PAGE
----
Eavesdropping on America’s Conversation on Race

On February 24th, I had the opportunity to attend Michele Norris’s event, “Eavesdropping on America’s Conversation on Race,” at the University of San Diego. In this program, Norris engaged with the audience, while speaking about different critical racial issues. She provided the listeners with stories from her family’s past, connecting them to the present. Her talk was an eyeopener and essential to force the audience to ponder over these matters and start the discussion of what race in America really looks like. Even though some may say that racial issues are no longer relevant in modern society, there are still many people fighting every day for their rights as people of color, and only now beginning to feel comfortable speaking out about their ancestors’ struggles.

Michele Norris, born on September 7, 1961, is one of the most distinguished American journalists. She was a host of the National Public Radio for ten years, from 2002 to 2012, and was the first African American woman to do so. According to her website, “her voice informs, engages and enlightens listeners with thoughtful interviews and in-depth reporting. Michele uses an approachable interviewing style that is at once relaxed and rigorous” (Norris).

One of Norris’s most notable achievements was her book The Grace of Silence. This book, a family memoir, initially aimed to explore America’s hidden conversations about race. However, Norris rapidly shifted her writing to tell the story of her recently discovered parent’s hidden secrets. Following the success of her book, Norris has since hosted several events, where she discusses these stories, and ignites the audience to think about race in America.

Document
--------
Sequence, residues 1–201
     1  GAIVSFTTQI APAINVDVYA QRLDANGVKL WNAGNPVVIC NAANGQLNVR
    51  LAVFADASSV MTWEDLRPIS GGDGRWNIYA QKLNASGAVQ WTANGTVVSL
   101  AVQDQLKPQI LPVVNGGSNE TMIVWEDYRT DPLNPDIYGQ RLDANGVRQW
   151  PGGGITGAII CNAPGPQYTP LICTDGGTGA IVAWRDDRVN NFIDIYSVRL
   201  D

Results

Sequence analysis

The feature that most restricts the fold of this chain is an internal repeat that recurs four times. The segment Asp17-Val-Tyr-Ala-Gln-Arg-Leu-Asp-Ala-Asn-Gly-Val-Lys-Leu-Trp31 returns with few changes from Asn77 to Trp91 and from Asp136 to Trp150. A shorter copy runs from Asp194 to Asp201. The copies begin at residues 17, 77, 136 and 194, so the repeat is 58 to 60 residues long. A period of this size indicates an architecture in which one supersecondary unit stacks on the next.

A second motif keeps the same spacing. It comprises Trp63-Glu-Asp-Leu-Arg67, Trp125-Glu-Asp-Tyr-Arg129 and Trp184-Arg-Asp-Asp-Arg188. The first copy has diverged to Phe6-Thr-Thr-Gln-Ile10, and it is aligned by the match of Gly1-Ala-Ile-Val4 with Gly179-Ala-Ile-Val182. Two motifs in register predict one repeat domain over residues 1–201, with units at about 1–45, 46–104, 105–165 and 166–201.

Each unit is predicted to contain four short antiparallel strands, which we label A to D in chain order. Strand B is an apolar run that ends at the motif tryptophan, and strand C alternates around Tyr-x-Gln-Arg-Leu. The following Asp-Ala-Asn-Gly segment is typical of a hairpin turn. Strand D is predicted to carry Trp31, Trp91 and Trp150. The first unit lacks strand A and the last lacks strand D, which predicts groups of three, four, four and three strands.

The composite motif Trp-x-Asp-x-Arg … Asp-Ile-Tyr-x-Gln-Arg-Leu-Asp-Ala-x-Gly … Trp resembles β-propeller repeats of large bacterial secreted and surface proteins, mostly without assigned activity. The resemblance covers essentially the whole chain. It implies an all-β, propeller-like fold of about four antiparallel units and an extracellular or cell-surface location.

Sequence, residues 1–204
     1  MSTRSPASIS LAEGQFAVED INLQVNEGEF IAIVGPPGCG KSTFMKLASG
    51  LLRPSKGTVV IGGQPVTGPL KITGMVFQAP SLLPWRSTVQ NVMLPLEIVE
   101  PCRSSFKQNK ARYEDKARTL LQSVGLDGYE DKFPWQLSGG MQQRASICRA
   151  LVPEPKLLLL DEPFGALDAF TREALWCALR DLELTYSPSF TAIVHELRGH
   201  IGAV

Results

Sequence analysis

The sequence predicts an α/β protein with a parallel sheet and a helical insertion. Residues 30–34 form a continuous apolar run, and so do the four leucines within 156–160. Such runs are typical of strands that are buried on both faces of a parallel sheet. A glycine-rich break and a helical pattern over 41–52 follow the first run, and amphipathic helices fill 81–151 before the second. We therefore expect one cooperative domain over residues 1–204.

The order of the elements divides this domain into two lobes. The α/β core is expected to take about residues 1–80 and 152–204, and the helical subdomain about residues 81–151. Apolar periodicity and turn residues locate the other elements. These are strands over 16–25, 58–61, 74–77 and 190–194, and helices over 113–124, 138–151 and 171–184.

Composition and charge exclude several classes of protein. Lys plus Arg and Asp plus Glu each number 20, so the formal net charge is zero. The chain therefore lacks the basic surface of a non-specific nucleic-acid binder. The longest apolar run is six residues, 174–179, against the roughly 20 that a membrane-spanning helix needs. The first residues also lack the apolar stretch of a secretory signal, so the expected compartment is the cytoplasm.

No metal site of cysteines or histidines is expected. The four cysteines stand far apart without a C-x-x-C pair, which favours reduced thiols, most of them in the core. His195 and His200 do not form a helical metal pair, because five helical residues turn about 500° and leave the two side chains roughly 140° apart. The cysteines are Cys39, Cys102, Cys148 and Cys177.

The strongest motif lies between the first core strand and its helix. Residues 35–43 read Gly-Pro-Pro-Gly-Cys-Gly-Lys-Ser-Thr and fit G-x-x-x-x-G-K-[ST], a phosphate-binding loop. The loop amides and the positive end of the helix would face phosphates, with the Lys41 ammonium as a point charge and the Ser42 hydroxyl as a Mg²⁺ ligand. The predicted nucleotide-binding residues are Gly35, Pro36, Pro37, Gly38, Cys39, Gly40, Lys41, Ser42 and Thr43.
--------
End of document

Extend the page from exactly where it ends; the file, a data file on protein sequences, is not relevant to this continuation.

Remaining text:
Norris also founded The Race Card Project in 2010 to start the conversation about race. In only six words, people from a myriad of backgrounds were encouraged to describe their experience with race. The project has grown immensely and has received submissions from all over the world, from people ready and eager to further this discussion.

At the event that I attended, Norris began by speaking about the meaning of silence. She mentions how great the power of listening is. We are constantly worried about saying what we think and believe, that we forget to listen to someone else’s story, and the value that it may have. She, then, explains how she came to this realization.

Norris grew up in a loving family, and her parents had strived to give her a happy childhood. It was only around President Obama’s election that she heard for the first time the stories of the struggles that her family had gone through. At this time, many African Americans felt a sense of skepticism about the coming new era. However, many felt hope and were astonished to see a man of their color in the White House, knowing the battles that they and their ancestors had fought in the dominant white society.

The story that struck me the most was her grandmother’s. To Norris, her grandma was a polished and elegant woman. For this reason, she was surprised when she found out, through her uncle, that she had traveled the country representing the brand Aunt Jemima in the late 1940’s, to advertise their pancake mix. She traded her elegant headscarves for a bandana tied at the top of her head, and put on a hoop skirt, and went from house to house, making cooking demonstrations.